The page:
Social Work, Domestic Violence and Child Protection: Challenging Practice

Synopsis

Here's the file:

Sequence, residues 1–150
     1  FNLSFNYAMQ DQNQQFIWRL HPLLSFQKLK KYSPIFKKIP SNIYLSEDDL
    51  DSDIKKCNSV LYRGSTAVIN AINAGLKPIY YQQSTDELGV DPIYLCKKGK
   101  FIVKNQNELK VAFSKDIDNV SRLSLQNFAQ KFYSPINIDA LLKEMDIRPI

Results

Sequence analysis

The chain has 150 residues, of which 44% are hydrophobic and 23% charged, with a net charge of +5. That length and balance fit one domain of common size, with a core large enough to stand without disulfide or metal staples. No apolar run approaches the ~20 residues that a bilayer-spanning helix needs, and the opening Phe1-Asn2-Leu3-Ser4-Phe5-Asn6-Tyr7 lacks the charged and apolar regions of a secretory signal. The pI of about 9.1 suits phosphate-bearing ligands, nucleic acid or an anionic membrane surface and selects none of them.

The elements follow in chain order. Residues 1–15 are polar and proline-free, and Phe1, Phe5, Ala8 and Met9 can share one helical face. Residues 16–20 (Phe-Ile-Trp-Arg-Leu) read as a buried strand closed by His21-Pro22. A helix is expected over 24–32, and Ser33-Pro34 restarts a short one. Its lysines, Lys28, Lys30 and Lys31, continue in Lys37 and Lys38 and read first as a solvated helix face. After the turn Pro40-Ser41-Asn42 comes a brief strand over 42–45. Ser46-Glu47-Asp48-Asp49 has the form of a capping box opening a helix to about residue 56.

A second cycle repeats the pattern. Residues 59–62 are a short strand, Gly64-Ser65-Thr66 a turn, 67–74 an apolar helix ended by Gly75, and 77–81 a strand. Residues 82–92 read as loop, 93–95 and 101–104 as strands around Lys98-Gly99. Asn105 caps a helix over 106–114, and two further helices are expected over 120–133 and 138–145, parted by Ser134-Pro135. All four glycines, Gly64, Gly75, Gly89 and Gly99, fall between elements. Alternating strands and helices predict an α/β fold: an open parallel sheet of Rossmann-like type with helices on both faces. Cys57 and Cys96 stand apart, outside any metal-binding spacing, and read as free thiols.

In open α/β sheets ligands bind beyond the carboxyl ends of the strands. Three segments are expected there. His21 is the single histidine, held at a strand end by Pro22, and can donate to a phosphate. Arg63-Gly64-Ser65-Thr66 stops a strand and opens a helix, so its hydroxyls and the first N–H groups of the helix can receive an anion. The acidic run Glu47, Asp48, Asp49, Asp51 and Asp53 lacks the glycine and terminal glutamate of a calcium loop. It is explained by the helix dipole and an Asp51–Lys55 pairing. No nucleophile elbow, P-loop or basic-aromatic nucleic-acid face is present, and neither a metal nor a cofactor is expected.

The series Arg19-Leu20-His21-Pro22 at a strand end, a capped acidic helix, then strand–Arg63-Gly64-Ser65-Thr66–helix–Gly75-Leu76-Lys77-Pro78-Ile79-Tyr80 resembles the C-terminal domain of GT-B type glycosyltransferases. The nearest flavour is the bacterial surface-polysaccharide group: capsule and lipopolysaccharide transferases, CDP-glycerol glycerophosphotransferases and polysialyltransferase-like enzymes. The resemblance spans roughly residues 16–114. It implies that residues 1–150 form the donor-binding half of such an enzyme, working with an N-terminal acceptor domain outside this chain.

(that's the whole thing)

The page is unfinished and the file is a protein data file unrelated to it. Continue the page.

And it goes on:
The 1990s has witnessed a resurgence of interest and concern in the issue of domestic violence. While women are predominantly targets of this violence, there is now a recognition that children are also significantly affected by violence towards their mothers. This report explores the problems and opportunities presented for child protection workers responding to child abuse that occurred in the context of violence towards the child(ren)'s mother. This particular aspect of domestic violence intervention is frequently overlooked as issues such as policing, child contact, interagency working and offender programmes have gained precedence in the development of intervention strategies. The responses of social services departments to child abuse arising in the context of domestic violence remain some of the most contentious and controversial in this area. This report:gives a detailed account of social work practice in the area of domestic violence, using many case examples which illustrate the barriers to effective intervention;looks in particular at the needs of Asian families in the context of domestic violence and child abuse;recognises the difficulties of developing sensitive child welfare practice in an area where there has been a traditional separation of services for women and services for children;provides good practice examples for overcoming the traditional difficulties in this area. This report is important reading for practitioners, policy makers and managers in social services, and their equivalents in a range of other agencies involved in child protection. It is also valuable reading for social work academics and students interested in the area of domestic violence.